Spring Burning for Wild Turkey Brood Habitat: An Evaluation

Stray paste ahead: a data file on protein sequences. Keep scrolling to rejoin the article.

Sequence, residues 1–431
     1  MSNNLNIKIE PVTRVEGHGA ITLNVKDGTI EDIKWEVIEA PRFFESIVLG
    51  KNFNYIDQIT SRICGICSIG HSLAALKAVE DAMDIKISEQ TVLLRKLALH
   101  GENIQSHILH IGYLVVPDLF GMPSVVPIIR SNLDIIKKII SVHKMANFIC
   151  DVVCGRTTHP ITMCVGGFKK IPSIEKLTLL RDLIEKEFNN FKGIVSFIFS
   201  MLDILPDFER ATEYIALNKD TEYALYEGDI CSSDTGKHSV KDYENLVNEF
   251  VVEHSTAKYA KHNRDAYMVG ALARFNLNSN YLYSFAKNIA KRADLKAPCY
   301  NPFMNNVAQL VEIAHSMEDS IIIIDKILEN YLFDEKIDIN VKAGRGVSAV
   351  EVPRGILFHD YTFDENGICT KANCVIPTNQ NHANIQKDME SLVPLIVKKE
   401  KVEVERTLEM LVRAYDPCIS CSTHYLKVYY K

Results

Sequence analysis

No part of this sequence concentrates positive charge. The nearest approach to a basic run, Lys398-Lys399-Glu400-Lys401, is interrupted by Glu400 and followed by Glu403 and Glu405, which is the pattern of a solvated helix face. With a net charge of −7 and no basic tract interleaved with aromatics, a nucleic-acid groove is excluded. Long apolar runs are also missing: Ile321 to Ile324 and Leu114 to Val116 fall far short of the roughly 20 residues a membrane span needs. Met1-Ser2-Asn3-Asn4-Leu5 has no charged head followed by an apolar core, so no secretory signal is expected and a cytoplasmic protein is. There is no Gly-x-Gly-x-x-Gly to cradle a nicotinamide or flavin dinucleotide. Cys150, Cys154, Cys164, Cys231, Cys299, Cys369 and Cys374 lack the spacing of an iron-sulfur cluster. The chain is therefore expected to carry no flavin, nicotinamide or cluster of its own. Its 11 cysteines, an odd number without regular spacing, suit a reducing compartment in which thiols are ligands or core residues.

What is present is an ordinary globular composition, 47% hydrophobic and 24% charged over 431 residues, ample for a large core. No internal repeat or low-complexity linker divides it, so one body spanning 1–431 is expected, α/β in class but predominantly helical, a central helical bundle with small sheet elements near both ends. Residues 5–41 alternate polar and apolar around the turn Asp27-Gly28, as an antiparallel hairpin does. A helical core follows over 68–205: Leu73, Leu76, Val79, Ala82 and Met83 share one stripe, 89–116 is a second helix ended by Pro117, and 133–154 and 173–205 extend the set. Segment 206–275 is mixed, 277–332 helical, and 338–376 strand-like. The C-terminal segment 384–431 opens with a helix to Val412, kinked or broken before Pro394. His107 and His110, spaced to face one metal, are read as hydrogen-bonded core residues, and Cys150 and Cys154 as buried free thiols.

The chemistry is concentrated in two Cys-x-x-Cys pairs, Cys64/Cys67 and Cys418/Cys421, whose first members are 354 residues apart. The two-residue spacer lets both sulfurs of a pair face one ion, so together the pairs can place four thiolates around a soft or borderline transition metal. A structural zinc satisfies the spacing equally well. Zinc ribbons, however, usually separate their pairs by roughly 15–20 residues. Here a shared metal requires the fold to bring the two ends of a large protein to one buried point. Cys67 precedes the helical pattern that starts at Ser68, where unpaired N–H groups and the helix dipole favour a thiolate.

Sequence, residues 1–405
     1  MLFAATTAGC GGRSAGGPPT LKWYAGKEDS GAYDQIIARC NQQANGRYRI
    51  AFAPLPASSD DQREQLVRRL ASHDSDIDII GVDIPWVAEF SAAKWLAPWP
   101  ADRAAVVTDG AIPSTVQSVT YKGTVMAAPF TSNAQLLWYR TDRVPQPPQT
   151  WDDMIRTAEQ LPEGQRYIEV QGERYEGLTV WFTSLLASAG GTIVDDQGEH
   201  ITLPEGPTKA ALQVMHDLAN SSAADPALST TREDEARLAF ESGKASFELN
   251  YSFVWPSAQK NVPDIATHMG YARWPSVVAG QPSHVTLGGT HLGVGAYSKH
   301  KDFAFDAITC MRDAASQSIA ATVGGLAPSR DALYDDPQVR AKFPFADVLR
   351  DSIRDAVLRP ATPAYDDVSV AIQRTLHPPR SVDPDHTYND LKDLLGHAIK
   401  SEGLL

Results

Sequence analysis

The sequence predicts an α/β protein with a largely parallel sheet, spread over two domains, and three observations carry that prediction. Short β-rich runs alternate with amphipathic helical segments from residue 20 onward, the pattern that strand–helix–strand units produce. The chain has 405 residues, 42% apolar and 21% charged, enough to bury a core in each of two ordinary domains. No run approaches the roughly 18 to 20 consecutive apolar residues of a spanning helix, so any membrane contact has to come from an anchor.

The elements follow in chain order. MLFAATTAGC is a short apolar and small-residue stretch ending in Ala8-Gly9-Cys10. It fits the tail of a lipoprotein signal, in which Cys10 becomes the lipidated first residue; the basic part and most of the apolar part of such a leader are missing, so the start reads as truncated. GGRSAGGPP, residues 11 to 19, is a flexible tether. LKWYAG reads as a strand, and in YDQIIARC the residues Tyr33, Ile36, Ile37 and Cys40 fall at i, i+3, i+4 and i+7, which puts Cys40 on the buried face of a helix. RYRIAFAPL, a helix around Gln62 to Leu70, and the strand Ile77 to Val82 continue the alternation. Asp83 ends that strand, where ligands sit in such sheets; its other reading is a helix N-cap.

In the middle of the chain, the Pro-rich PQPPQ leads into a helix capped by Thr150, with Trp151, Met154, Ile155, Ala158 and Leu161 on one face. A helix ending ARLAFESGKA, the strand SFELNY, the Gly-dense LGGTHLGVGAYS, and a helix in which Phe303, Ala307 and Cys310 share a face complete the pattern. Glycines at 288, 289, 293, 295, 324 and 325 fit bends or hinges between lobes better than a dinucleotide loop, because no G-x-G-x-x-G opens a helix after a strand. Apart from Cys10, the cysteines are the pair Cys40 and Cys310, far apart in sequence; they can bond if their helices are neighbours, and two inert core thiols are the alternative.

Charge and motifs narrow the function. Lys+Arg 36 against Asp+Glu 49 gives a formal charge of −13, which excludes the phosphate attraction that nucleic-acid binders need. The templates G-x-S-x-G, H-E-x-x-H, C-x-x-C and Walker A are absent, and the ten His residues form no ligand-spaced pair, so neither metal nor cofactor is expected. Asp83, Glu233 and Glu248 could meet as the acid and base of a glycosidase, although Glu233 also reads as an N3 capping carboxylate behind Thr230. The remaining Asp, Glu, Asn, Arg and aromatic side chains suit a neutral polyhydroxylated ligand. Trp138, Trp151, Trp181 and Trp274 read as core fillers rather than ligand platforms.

Increased interest in and use of growing season prescribed burning has caused concern among sportsmen and biologists as to the potential impact on ground nesting game birds. We used radio-telemetry and invertebrate sampling to evaluate early growing season (April-May) prescribed burning to provide wild turkey (Meleagris gallopavo) brood habitat in the Coastal Plain pine (Firms spp.) forests of south Georgia from 1988 to 1990. None of the 14 hen-poult groups monitored were ever located in spring burns. Additionally, there was no significant difference in invertebrate abundance during the brood season between late winter (February-March) and spring burns. Our evaluation of spring burns for wild turkey brood habitat indicates that there are no benefits over traditional winter burning, and spring burning poses a threat to wild turkey nests. Alternative management strategies are discussed.

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